A new year brings new resolutions that may lead to improvements in daily habits as well as health benefits for many older Americans.
In fact, according to a 2019 report published in JAMA, life purpose was significantly associated with reduced mortality. For people who are already suffering from chronic conditions, setting simple and realistic goals that are manageable with their health challenges is important.
As you consider changes and goals for 2023, here are five achievable resolutions that can help kick off the new year on the right foot.
• Pursue an active lifestyle.
Staying active is an admirable goal to have every year. Adults can engage in activity at home including aerobic activity, resistance training yoga, and walks around their neighborhood. According to the Centers for Disease Control and Prevention (CDC), regular physical activity is vital for healthy aging. Talk to your doctor before significantly increasing your activity level and ask about the type and amount of activity that may be best for you.
• Eat healthfully.
Prioritizing home-cooked meals and healthful snacks is the best place to start. Depending on how they are prepared, home-cooked meals can often have lower levels of sodium, sugar, and fat when compared to meals at a restaurant.
If you have allergies or conditions that require a special diet, talk to your doctor about your meal plan. Check out Optum’s two-minute tips on meal planning.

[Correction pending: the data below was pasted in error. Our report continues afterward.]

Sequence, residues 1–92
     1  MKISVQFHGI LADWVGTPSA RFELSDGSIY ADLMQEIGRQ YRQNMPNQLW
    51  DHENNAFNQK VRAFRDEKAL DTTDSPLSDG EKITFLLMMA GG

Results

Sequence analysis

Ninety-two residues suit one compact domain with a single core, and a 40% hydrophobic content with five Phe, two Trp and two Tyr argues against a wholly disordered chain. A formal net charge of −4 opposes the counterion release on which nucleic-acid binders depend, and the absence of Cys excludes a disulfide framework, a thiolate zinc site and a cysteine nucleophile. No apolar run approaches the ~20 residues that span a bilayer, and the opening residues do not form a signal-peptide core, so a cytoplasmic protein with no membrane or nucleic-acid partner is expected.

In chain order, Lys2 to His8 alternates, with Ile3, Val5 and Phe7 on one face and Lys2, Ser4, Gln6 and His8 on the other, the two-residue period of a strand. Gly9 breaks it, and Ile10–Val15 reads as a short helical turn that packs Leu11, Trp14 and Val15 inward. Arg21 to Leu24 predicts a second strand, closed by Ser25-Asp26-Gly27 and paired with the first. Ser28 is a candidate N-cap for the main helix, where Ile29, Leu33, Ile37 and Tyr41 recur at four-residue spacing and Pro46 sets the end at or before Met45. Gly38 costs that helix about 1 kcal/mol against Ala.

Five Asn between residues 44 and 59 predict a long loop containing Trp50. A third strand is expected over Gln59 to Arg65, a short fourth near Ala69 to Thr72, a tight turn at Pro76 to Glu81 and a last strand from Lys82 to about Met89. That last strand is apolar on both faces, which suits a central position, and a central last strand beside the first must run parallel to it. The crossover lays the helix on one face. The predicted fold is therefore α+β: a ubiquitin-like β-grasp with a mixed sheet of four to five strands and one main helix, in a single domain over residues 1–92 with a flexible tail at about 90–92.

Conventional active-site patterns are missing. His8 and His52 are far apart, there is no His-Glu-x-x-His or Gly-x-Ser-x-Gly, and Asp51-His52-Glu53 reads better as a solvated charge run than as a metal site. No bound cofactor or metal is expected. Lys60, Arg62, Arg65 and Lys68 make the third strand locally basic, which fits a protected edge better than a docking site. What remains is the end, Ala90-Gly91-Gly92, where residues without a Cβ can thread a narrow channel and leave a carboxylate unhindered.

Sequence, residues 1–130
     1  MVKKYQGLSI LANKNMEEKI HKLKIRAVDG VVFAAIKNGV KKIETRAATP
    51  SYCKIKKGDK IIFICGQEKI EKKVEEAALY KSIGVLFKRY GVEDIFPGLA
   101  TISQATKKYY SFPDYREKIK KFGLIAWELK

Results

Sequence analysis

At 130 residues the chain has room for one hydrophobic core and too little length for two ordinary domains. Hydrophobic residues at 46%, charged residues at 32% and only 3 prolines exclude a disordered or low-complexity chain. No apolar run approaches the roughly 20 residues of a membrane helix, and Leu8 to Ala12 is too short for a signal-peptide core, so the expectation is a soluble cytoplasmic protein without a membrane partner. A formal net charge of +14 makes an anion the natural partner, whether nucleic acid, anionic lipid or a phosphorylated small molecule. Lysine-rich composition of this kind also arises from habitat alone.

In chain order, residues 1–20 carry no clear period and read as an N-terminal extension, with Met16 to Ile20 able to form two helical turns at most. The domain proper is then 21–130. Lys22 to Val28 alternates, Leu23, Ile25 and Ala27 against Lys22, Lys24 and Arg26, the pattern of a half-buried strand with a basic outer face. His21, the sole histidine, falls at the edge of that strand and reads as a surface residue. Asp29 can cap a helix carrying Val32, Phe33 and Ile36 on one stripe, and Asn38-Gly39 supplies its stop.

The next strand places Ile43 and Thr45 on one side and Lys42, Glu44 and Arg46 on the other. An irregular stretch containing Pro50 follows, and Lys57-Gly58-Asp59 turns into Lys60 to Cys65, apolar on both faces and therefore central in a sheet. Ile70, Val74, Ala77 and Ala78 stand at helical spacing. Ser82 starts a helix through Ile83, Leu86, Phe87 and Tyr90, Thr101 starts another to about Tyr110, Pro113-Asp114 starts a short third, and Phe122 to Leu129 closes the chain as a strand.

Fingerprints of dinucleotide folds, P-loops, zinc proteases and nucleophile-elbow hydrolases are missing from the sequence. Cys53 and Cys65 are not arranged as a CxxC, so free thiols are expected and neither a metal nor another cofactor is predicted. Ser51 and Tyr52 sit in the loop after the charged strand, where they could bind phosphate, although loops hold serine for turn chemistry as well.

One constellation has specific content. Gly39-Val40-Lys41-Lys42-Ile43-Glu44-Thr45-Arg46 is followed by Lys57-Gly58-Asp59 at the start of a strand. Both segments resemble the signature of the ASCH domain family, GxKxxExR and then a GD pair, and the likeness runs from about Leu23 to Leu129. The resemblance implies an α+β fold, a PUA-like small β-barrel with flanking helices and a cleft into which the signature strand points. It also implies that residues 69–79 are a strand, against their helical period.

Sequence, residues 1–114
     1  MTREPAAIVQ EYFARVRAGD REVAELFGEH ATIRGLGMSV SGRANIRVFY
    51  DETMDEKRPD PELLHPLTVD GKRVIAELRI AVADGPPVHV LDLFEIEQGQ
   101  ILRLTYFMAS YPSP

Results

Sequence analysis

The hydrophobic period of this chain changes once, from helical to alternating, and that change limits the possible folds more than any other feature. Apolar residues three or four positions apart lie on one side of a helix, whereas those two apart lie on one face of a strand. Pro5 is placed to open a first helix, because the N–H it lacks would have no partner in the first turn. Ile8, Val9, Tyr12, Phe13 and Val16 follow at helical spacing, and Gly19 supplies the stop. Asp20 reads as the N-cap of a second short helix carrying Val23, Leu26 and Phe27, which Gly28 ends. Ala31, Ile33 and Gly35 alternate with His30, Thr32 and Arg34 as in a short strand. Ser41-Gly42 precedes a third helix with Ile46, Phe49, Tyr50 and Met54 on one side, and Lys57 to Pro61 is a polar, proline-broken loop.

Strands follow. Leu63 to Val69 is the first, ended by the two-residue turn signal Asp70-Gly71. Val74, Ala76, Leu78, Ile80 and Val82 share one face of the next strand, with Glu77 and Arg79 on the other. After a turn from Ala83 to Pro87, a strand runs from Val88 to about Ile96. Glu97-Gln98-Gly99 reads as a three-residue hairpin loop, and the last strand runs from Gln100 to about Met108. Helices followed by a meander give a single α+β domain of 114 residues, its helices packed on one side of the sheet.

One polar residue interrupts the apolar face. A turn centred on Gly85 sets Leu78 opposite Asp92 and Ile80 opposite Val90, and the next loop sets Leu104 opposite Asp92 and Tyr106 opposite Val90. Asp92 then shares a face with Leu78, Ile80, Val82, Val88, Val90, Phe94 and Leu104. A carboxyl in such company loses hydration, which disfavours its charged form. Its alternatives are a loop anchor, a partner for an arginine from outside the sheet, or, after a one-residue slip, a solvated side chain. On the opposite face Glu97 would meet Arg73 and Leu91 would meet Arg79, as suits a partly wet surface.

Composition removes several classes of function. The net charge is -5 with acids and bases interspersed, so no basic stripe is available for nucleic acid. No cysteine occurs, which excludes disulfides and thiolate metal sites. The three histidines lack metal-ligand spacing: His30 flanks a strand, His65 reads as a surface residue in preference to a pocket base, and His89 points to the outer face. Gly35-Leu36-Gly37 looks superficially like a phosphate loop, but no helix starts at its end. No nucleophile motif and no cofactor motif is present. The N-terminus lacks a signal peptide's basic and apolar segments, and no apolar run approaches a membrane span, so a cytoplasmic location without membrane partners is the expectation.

• Challenge your brain and stimulate your mind.
It is important to practice a form of daily brain stimulation as age can cause changes to brain size, vasculature, and cognition, according to the National Institute of Aging. A healthy life, both physically and mentally, may be one of the best defenses against the changes of an aging brain. Completing crossword puzzles or playing games, such as chess, can be fun ways to keep your mind active while enjoying a new hobby. Check out this fun activity to keep your mind active.
• Stay connected with friends and family.
Time spent with family and friends can be very beneficial. The National Institute of Aging mentions that older people with strong social and community ties are more likely to live a longer life and cites research stating that isolation can contribute to high blood pressure. Even a virtual visit is better than no visit at all, when it’s not possible to get together face-to-face.
• Nurture an interest.
People who engage in activities or hobbies may feel happier and healthier, according to the National Institute of Aging. Learning new skills may also help increase cognitive function. Music, theater, dance and creative writing are just some ways that older adults may be able to help improve their well-being through hobbies.
These specific interests may help with memory, boost self-esteem, reduce stress and increase social interactions. If you are looking for something new to learn, try this art exercise that you can do from your home to stimulate your brain and improve your mental health.
• See your doctor.
While New Year’s resolutions such as watching what we eat or starting a fitness routine are common to many, the importance of prioritizing and scheduling a wellness visit with a primary care physician is often overlooked.
Getting routine preventive care, through visits that are separate from visits due to sickness, injury or routine care for ongoing medical conditions can help you stay well and catch problems earlier, helping you live a healthier and longer life.
Dr. Stacie Pinderhughes is Chief Medical Officer for Optum Arizona.